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What happened to Slazenger?

History, curiosities and decline of the brand that made tennis and sports history

What happened to Slazenger? History, curiosities and decline of the brand that made tennis and sports history

In the world of professional sports, brands that make technical clothing and equipment are constantly battling to increase visibility and turnover. The race is always on to sponsor the most famous and successful athletes, to become partners of the most illustrious events, to be forerunners in the realisation of innovative products in design and technology. In the past, there was a brand that had achieved excellence in all these aspects, but which today, although still in the market, has lost so much power and visibility: Slazenger.

Slazenger is a British company specialising in sportswear and accessories, founded in 1881 by Ralph and Albert Slazenger in London. The history of Slazenger is closely linked to the history of sport, in particular tennis and cricket. In 1902, it became the official supplier of tennis balls for the Wimbledon tournament for the first time, marking the start of a relationship that continues to this day and is the longest-lasting business partnership in the history of sport. During the Second World War, Slazenger supplied tennis balls for matches played by British soldiers, while after the war it concentrated its production on tennis racquets. Around the same time, the company expanded into cricket, becoming a leading brand in this sport as well. In the 1970s, it established itself as one of the most famous brands in the world of tennis, thanks to collaborations with great champions such as the American Jimmy Connors and Billie Jean King, winner of 39 Grand Slam titles (but it also boasts collaborations with other legendary names such as John McEnroe and Martina Navratilova in its history).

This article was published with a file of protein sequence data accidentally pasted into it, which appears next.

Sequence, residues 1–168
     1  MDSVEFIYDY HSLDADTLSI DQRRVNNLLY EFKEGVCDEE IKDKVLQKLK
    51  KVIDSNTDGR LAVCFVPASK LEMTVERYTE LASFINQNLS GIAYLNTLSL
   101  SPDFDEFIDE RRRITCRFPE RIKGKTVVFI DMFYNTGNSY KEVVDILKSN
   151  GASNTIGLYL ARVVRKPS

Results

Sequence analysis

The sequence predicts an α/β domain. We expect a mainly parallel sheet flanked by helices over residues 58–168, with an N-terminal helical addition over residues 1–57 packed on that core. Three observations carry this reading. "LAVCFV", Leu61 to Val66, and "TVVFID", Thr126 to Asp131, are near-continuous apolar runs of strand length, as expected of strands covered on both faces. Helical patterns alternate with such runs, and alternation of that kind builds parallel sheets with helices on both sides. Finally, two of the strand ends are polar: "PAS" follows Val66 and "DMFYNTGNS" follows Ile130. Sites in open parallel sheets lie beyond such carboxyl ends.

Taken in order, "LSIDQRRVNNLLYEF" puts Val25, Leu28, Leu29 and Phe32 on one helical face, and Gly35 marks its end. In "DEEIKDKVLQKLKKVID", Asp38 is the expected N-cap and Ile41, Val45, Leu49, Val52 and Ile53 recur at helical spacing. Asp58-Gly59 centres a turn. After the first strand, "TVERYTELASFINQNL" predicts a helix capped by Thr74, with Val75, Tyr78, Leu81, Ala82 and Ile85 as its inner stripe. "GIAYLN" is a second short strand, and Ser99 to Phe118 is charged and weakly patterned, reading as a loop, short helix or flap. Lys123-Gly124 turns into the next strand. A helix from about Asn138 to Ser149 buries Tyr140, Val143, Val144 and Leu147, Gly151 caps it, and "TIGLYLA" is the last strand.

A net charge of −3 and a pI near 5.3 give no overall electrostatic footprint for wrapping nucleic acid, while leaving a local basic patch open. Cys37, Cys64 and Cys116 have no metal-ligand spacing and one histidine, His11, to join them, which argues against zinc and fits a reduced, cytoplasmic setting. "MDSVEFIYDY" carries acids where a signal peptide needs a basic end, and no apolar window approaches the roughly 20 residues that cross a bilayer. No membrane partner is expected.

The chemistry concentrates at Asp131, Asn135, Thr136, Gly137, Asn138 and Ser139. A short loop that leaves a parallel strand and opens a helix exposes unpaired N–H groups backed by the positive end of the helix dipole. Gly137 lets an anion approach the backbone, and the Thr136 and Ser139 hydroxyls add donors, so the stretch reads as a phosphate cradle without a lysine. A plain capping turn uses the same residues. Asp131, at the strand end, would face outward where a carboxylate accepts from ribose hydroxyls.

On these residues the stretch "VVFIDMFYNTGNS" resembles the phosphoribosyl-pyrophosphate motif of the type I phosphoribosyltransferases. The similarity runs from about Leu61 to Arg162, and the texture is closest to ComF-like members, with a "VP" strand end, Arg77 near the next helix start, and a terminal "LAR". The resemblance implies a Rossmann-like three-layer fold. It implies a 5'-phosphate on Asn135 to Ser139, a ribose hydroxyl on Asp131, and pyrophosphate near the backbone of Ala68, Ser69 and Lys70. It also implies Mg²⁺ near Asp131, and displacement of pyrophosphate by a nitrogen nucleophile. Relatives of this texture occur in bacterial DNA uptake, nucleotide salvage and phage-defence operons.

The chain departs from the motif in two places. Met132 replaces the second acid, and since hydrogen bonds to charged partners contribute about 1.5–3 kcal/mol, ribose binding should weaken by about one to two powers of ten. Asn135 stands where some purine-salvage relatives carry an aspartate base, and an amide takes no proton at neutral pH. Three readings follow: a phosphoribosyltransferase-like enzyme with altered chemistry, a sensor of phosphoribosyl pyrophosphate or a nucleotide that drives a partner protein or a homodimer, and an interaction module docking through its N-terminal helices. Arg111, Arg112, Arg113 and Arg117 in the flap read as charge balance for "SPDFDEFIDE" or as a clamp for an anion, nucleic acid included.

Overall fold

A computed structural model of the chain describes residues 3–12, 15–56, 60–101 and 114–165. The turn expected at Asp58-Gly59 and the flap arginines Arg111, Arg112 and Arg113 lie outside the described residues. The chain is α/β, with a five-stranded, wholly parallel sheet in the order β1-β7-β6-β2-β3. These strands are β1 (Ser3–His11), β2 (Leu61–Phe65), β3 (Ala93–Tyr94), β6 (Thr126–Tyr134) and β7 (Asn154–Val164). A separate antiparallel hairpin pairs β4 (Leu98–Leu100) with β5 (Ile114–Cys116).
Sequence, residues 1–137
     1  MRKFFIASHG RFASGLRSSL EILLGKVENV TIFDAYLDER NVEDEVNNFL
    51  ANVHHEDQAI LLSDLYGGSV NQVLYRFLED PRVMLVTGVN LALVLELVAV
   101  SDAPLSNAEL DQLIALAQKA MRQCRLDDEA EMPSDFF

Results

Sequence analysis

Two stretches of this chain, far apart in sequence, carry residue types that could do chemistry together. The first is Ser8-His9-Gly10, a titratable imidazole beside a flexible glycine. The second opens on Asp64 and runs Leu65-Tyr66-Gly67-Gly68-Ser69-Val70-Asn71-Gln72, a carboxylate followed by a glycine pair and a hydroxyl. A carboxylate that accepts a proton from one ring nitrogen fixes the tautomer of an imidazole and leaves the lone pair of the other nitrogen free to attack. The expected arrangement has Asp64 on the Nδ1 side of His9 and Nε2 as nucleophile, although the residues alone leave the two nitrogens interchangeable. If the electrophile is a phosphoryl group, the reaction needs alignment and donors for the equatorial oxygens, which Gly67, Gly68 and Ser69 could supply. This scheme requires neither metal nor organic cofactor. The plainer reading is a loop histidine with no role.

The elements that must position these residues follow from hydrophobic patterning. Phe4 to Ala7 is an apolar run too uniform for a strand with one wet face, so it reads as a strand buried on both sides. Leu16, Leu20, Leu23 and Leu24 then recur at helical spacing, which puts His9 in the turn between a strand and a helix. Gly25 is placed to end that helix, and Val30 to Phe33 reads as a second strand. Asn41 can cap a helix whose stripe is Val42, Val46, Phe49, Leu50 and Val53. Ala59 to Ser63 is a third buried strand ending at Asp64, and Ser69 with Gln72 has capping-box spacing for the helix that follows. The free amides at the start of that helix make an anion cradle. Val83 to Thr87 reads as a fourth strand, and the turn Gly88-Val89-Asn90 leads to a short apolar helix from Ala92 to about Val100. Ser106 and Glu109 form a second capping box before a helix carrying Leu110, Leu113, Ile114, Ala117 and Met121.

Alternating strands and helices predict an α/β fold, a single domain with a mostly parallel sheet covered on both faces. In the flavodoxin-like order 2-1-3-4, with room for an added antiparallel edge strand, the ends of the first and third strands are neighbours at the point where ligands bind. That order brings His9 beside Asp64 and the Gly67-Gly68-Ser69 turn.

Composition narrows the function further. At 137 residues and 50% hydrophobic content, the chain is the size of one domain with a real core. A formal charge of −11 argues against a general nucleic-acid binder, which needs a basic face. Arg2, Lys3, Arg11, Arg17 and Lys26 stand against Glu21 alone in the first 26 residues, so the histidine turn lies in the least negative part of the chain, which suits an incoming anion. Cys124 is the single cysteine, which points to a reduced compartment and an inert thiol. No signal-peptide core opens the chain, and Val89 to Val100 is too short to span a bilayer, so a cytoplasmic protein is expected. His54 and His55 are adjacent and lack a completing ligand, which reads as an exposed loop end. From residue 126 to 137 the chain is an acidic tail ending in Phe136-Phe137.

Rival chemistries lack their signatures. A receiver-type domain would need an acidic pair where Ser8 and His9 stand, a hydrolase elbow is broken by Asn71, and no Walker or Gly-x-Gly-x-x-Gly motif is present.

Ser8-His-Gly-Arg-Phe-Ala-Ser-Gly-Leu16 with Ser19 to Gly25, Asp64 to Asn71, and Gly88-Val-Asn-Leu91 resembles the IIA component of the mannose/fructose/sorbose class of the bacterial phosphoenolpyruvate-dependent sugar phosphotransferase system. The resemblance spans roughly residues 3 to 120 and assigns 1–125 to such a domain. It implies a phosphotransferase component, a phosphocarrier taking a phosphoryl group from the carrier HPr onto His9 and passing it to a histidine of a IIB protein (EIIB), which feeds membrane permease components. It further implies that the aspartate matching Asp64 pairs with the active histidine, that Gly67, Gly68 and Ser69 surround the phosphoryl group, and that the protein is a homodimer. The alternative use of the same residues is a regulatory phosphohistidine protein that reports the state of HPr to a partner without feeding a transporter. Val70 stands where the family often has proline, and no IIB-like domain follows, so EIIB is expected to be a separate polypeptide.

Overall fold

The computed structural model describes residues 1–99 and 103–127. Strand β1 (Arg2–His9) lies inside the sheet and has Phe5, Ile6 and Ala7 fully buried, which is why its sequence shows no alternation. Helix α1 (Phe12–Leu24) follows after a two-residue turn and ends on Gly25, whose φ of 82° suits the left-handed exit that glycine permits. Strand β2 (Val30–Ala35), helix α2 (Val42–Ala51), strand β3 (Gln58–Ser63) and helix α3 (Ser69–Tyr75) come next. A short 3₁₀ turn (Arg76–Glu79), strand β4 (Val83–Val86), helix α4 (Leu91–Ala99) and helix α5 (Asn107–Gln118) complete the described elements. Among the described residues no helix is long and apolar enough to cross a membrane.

Slazenger has always tried to look to the future by manufacturing sports equipment with innovative materials and special designs. In 1935, the company produced the first fluorescent tennis ball, which became very popular for night games. In the 1960s, it launched the 'Challenge', the first synthetic leather football, which replaced the traditional animal skin, and a few years later, it marketed the first aluminium tennis racket, which was soon a great success. The history of the British company tells of an attempt to carve out a space for itself in other sports, but also of a whirlwind of sales and acquisitions that saw the company play a leading role. In 1959, Ralph Slazenger Jr. sold the family business to Dunlop Rubber, which was then bought in 1985 by the BTR group. During the 1990s, Slazenger continued to focus on tennis and cricket, but also expanded into other sports such as golf, badminton and squash. In 1996, BTR sold Dunlop for £300 million to Cinven, who renamed the company Dunlop Slazenger and, eight years later, sold the company for 'only' £40 million to Sports Direct Group (now Frasers Group). Over the past few years, Slazenger has expanded its product range to include clothing and accessories for yoga and general fitness.

Yet, despite still being active, in its most recent history Slazenger has experienced a sharp decline in terms of market and, thus, popularity. But how could this happen to such a prestigious brand? What are the reasons that explain the collapse of a brand that has sponsored authentic legends in sports history and innovated - often successfully - in design and technology? Hard to say for sure, it is likely that the reasons are to be sought by mixing a different range of factors. The entry of large multinational companies and the emergence of new brands have made the market more competitive. In addition, Slazenger has been slow to respond during the transition to new materials for the production of tennis racquets, has encountered difficulties in entering the Asian market and, finally, has probably also paid the price for its recent inaptitude to adapt to changes in consumer taste, neglecting the public's increasing openness to fashion and image even in sports goods.